Vertex Pharmaceuticals Inc. is the fifth company with an HIVprotease inhibitor, VX-478, under development. Vertex, ofCambridge, Mass., and its partner, Glaxo Wellcome, began clinicaltrials in March 1995.
"It's always an advantage to be first to market," Johnson said. "But[AIDS] is a clinical area that will need multiple agents. We don't seeit as a marketplace dominated by any compound."
While all the protease inhibitors are similar, there are somedifferences in potency, side effects and administration.
Agouron has conducted several Phase II studies showing Viraceptwas safe and produced strong antiviral activity.
In one four-week Phase II study with Viracept alone, patientsexperienced mean maximum reductions in HIV from 96 percent to 98percent based on the dose. And after four weeks, average number ofCD4 cells increased at each Viracept dose.
In another trial testing Viracept in combination with d4T, theprotease inhibitor produced mean reductions of HIV below detection.
In addition to its potency, the only side effect seen with Viracept hasbeen mild diarrhea, Johnson said. Another advantage, he added, is thedrug can be taken with or without food.
Agouron's Phase II results were completed too late for inclusion inthe Washington conference. However, the company's stock(NADAQ:AGPH) has benefited from the excitement surrounding theprotease inhibitors, which represent encouraging news after years offrustration in the battle against AIDS.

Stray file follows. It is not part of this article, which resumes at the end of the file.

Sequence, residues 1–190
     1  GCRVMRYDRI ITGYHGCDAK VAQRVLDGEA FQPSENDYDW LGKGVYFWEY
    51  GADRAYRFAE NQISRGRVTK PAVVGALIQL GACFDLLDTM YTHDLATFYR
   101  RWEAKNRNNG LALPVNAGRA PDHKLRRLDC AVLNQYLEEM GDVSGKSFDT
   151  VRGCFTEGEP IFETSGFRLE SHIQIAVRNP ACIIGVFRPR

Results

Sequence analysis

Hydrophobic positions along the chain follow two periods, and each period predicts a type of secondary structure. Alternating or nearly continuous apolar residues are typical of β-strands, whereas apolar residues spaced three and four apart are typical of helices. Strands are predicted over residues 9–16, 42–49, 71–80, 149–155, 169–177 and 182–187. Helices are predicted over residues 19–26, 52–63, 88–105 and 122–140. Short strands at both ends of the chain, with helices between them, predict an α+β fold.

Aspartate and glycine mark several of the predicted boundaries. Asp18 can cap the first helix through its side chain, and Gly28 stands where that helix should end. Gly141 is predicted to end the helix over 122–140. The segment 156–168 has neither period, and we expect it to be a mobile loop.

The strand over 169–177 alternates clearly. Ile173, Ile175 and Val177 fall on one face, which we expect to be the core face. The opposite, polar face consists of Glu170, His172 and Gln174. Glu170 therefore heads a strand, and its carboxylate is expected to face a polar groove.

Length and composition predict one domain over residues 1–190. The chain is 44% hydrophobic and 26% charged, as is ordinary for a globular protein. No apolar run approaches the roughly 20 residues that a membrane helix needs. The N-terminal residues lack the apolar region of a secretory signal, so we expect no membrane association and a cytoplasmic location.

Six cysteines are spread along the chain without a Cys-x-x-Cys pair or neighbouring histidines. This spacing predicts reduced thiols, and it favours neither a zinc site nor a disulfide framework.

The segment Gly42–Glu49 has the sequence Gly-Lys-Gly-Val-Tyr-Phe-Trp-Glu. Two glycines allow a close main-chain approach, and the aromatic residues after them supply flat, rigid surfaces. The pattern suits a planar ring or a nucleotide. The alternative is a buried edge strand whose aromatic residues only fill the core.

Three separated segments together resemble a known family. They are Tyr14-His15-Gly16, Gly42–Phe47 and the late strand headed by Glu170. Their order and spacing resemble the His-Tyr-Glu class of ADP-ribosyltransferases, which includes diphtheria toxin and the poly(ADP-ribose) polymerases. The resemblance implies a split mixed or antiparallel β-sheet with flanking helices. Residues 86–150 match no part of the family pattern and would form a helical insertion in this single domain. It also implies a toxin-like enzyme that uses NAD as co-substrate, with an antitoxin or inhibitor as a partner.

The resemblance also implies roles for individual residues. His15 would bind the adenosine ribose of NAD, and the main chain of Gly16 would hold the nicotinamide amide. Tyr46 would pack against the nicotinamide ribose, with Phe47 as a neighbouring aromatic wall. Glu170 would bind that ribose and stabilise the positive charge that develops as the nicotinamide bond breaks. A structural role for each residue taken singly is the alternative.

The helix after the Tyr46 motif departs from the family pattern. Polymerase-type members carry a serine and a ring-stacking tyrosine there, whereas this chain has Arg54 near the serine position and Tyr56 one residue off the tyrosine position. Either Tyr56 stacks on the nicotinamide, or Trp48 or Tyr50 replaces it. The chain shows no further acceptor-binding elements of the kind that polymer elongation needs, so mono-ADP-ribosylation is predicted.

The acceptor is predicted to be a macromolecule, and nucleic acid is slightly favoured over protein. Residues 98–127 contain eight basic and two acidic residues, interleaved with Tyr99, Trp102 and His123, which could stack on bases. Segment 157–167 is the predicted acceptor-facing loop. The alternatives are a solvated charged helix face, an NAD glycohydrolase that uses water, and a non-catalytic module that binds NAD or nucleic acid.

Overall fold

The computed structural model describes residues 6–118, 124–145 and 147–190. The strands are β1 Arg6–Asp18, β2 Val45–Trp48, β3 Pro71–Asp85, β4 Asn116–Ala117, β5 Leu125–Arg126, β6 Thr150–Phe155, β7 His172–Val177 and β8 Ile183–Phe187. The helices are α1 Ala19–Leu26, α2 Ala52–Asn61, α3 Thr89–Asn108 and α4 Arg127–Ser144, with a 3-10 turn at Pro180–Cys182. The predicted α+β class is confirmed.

Agouron's shares jumped $3.37 Tuesday to close at $45.62, an 8percent increase. Merck (NYSE:MRK) was up $1.25 to $70.12.Abbott (NYSE:ABT) ended the day at $42, a $1.87 increase. Vertex(NASDAQ:VRTX) closed at $27.75, up 50 cents.
In examining the protease inhibitors, analysts have said thosedeveloped by Agouron and Vertex are expected to be safer and moreeffective than the others.
Roche's Invirase is considered the least potent and while Merck'sCrixivan and Abbott's Norvir are stronger, they can cause significantaide effects.
Patients on Merck's drug can experience kidney problems. They takethe drug under fasting conditions and drink water regularly tomaintain hydration.
Abbott's protease inhibitor _ in addition to causing diarrhea, nausea,vomiting, fatigue, tingling around the mouth, taste perversion andliver toxicity _ creates problems when it interacts with other drugs.
The protease inhibitors and nucleoside analogues are not consideredcures, but Johnson observed the data from the Washingtonconference and other studies demonstrate the combination therapiesmay be able to reduce the level of HIV to zero and allow the immunesystem to reconstitute itself. The result may be that HIV infection canbe turned off for long periods of time.
With so many combinations of drugs needed, cost is an issue. WhenInvirase was approved for marketing, Roche estimated the wholesaleprice at $5,800 a year. Add in the annual treatment cost of AZT and3TC, which are estimated at between $4,000 and $6,000 combined,and the price could reach $12,000 a year.
Johnson said Agouron has built into its studies pharmacoeconomicanalyses to demonstrate Viracept's cost benefits, such as reducinghospital stays and eliminating the need for other medications. n
-- Charles Craig
(c) 1997 American Health Consultants. All rights reserved.